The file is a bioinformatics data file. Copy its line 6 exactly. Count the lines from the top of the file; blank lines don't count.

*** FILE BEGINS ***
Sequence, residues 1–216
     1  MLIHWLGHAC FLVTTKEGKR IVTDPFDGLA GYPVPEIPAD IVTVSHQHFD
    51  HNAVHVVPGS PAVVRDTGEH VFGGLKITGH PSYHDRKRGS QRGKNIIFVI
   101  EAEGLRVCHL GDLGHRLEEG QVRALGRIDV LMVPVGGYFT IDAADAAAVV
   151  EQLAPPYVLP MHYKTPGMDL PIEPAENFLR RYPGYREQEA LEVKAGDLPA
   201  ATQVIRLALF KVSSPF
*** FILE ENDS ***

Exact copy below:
   201  ATQVIRLALF KVSSPF